Funded by the National Endowment for the Arts and the Andrew W. Mellon Foundation, the New Artistic Leader Institute’s goal was to help orient new and prospective artistic directors to the non-artistic aspects of leading a theatre. Topics addressed included: audience development, community relations, personnel management, working with a board of directors, relationships with managing directors and financial management. The meetings were open to first-time artistic directors who had been in their positions for no more than three years.
Generously funded by the MetLife Foundation, the Nonprofit Finance Fund (NFF)Professional Development Program was a two-year initiative to strengthen the nation's leading arts and cultural organizations. NFF provided members of TCG, Dance/USA, and the League of American Orchestras with financial guidance, tools, training, and support to address the challenges precipitated by the economic downturn. The services offered were customized based upon need and included webinars, workshops, and “office hours” for free consultations.
TCG and Theatre Puget Sound collaborated on an intensive media/advocacy training workshop at the APASO (Association of Performing Arts Service Organizations) conference. The media training focused on the basics of speaking with the media, framing and messaging, spokesperson skills, strategic media planning and general promotion. The workshop’s goal was to provide participants with concrete tools and tactics for influencing public debate through the media regarding important issues for theatres.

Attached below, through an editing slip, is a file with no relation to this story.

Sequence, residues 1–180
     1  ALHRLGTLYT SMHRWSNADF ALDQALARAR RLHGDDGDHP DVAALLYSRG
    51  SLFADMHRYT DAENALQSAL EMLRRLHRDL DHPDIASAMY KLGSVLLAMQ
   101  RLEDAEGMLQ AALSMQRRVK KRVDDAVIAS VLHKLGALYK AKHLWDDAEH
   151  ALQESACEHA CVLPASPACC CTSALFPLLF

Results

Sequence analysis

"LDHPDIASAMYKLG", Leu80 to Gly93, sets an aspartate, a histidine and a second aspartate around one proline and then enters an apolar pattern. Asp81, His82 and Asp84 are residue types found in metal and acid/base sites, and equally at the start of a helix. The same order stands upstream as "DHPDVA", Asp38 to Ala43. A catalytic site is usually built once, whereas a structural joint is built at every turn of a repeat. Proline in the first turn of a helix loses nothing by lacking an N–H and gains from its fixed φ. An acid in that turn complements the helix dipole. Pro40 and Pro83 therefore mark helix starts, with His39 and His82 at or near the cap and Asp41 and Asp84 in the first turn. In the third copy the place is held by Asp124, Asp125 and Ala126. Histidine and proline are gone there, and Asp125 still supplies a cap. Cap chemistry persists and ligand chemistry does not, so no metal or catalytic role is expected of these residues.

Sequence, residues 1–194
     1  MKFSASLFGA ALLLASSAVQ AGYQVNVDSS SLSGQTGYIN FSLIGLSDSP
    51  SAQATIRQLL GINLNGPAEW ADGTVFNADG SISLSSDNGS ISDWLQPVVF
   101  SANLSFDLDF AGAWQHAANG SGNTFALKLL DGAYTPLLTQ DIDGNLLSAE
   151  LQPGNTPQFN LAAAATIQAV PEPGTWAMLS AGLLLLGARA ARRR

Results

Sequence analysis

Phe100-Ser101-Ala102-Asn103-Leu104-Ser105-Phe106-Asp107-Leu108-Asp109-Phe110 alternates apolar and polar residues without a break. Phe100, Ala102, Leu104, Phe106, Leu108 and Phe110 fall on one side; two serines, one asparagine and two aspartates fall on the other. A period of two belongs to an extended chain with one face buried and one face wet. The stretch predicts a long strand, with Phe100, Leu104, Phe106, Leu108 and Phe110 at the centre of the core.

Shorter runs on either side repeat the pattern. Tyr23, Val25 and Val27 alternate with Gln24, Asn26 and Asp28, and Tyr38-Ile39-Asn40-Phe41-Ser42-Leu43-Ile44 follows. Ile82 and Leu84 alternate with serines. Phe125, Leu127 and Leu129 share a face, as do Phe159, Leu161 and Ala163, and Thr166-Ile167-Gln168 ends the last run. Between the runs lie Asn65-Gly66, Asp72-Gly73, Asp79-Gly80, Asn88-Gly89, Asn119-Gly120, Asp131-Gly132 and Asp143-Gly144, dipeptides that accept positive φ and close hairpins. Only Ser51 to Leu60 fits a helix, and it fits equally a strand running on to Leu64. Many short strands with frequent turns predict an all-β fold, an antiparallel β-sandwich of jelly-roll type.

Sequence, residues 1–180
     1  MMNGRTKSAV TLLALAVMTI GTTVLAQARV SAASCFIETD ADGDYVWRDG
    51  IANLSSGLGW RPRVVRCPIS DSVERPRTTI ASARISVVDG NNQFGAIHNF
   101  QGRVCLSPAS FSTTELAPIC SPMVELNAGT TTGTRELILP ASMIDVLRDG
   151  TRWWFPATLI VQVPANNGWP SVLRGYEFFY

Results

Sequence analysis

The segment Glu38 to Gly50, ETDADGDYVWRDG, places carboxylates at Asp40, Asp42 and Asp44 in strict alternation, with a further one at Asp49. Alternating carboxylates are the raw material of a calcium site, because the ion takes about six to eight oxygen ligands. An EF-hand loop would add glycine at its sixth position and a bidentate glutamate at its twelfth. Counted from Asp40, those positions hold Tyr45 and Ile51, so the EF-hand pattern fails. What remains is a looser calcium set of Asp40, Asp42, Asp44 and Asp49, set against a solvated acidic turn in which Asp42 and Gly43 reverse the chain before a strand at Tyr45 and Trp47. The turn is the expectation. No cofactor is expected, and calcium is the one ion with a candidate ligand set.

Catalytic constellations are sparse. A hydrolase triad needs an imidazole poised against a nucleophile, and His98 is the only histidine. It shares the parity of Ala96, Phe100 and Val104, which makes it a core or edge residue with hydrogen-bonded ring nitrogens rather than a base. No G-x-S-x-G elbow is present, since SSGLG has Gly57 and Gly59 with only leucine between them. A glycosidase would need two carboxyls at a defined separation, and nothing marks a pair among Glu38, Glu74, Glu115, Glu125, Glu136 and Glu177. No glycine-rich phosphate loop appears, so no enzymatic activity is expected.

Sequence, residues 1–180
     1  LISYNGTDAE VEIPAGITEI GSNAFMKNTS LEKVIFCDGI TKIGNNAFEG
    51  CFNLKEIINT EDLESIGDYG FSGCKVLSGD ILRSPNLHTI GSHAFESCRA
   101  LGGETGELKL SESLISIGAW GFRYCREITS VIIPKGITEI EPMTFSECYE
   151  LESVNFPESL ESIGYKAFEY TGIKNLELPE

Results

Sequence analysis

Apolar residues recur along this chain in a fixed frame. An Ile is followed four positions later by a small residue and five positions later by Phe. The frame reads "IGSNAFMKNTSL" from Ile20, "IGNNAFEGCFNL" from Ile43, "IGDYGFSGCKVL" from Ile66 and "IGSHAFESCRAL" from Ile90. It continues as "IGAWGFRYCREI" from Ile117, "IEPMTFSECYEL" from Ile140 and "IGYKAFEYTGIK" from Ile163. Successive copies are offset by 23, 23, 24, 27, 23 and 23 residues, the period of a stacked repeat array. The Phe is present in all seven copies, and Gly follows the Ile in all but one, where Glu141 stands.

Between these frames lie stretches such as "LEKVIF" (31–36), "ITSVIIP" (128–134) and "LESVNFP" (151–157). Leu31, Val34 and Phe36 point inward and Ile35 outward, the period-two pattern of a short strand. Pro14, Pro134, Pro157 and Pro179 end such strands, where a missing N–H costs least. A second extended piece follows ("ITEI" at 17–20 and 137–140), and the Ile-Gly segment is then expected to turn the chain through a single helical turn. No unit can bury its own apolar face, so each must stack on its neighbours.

In 1995, TCG executive director Peter Zeisler and director of artistic programs Fran Kumin reached out to a variety of artists, inviting them to reexamine many of the issues first raised in The Artistic Home, a 1988 TCG report that served as the impetus for the National Theatre Artist Residency Program. Generously funded by The Pew Charitable Trusts, the Tarrytown Symposiums were a series of breakout sessions, open mic sessions and other gatherings that addressed a variety of issues facing the future of not-for-profit theatre.
The TCG/American Express Leadership Boot Camp offered a two-day leadership development program that brought together Established and Emerging Theatre Leader pairs. This workshop fostered intergenerational dialogue, explored effective methods of communication, increased participants’ self-awareness for personal and professional growth and aligned vision with strategy.
Theatre Professionals Teleconferences are held each year on a rotating basis for groups of theatre leaders and staff. Moderated by experienced professionals from the field, these series offer geographically separated theatre professionals the opportunity to share information and ideas and to work with peers to find solutions to common problems.
TCG conducted retreats in 1999, 2000, 2001 and 2003 at White Oak Plantation in Yulee, Florida. The Howard Gilman Foundation runs the White Oak Plantation and Conservation Center which consists of 7,400 acres of woodlands on the banks of the St. Mary's River, 30 miles north of Jacksonville, Florida. White Oak Plantation provides varied meeting facilities in a bucolic setting. This atmosphere creates a unique space for reflection and growth, strategic and analytical thinking and development and implementation of new ideas.